As the world's population swells, humans will have to figure out how to keep feeding livestock without using even larger tracts of land to grow food for them or causing more harm to the environment. Scientists report in a study appearing in Environmental Science & Technology that the key could be bacteria that can efficiently produce large amounts of microbial proteins. These proteins could replace some of the crops grown today to feed animals.
Livestock is the world's largest user of land resources, with pasture and land dedicated to the production of feed representing almost 80 percent of the planet's total agricultural land, according to the Food and Agricultural Organization of the United Nations. Producing these crops is one of the most important contributors to global pollution and can lead to large-scale deforestation and biodiversity loss. By 2050, estimates suggest that the world's population will top 9 billion people, increasing the demand for livestock to feed humans. In turn, feeding these animals will require more land and could lead to additional environmental harm. One possible alternative is microbial proteins, which were first produced on an industrial scale using methane in the 1970s. Now with growing demand and advances in technology, Benjamin L. Bodirsky, Ilje Pikaar and colleagues wanted to analyze the long-term effects that incorporating microbial proteins could have on land use, climate-warming greenhouse gas emissions and reactive nitrogen pollution.
The researchers used an advanced computer model to generate projected land-use and agricultural-production patterns. Overall, the 48 scenarios tested suggest that by 2050, microbial proteins produced with hydrogen and other gas feedstocks could replace between 175 and 307 million tons of crop-based animal feed annually, or up to 10 to 19 percent of conventional crop-based animal feed protein demand. The researchers say this change could have a substantial global impact. By replacing 13 percent of the protein in feed with microbial proteins, the research team projects that worldwide cropland usage could be reduced by 6 percent, global nitrogen losses from croplands by 8 percent and agricultural greenhouse gas emissions by 7 percent.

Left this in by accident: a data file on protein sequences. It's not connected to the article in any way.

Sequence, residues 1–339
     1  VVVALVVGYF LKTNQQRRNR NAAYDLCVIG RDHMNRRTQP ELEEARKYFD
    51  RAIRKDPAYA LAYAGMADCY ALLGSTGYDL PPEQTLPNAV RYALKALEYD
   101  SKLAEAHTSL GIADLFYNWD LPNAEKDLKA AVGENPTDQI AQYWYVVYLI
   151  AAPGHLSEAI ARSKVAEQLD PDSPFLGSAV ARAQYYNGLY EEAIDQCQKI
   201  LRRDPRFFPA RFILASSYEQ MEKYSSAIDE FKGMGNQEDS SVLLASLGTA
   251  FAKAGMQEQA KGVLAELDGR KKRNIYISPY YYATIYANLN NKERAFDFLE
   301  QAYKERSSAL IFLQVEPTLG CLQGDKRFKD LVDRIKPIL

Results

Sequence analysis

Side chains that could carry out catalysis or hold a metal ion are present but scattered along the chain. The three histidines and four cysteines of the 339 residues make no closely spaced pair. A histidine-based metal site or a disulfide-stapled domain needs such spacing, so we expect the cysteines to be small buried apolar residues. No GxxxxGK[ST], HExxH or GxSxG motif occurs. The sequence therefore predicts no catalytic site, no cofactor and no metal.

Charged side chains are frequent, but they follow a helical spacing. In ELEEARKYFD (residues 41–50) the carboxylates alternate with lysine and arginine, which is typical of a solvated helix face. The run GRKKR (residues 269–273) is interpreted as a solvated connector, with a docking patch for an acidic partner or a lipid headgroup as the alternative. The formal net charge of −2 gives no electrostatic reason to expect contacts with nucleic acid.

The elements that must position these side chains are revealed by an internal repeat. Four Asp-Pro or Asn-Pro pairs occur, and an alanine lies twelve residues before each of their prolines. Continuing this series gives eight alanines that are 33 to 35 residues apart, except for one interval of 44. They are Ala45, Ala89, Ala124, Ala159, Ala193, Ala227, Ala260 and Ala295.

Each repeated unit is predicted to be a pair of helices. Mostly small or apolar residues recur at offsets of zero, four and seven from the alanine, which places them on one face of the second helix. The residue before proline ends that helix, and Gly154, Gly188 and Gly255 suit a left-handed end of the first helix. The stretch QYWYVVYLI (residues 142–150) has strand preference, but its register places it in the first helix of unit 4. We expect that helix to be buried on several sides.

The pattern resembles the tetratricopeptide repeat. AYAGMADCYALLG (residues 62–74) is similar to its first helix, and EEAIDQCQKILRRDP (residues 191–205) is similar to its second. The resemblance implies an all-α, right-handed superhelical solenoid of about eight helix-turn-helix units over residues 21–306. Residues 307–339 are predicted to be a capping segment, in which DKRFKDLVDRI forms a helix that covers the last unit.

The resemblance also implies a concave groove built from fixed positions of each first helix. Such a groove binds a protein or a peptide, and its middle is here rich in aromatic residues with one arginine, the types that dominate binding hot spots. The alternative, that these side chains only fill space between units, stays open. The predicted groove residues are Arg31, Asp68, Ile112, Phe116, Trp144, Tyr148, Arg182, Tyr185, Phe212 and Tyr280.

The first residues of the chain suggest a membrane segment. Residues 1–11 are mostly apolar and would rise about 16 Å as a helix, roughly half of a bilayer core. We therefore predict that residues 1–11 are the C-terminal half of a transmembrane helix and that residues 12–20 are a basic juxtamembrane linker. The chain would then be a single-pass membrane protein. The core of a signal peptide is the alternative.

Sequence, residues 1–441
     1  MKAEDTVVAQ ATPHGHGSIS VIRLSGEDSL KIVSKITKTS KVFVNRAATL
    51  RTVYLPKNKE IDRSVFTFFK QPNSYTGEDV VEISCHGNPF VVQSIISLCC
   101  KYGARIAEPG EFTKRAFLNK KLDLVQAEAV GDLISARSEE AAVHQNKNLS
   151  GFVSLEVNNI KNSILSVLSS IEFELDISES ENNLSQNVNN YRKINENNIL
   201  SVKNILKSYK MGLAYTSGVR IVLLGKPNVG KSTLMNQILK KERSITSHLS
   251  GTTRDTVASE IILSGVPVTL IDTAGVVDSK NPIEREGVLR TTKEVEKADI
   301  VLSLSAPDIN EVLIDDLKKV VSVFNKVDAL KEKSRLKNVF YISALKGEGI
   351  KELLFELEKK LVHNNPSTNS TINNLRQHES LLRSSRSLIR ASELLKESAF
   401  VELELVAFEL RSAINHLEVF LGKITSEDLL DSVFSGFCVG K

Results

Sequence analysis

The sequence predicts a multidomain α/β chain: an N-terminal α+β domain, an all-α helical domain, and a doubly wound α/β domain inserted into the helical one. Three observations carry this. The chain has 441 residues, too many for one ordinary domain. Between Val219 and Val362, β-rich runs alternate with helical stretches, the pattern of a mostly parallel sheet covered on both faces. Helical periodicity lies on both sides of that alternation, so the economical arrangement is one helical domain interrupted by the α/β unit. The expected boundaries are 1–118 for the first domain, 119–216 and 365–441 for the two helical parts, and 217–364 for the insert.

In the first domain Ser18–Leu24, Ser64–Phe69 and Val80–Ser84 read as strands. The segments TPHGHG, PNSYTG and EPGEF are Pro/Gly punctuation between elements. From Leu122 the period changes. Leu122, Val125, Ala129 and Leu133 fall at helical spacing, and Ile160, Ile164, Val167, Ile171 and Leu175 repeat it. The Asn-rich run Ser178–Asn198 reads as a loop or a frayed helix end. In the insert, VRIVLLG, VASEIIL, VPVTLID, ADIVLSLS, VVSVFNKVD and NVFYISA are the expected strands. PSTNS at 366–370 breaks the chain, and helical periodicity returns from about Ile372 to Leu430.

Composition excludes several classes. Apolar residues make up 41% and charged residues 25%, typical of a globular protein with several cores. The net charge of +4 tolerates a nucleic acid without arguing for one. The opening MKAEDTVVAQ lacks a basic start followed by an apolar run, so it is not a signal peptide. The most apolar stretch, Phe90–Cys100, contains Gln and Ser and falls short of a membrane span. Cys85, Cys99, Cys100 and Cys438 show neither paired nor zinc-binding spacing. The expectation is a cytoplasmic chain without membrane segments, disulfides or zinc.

The authors acknowledge funding from the Australian National Research Council, the MERMAID project, the Ghent University Multidisciplinary Partnership-Biotechnology and the European Union's 2020 research and innovation program.
The paper's abstract will be available on June 20 at 8 a.m. Eastern Time here: http://pubs.acs/doi/abs/10.1021/acs.est.8b00216
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Environmental Science & Technology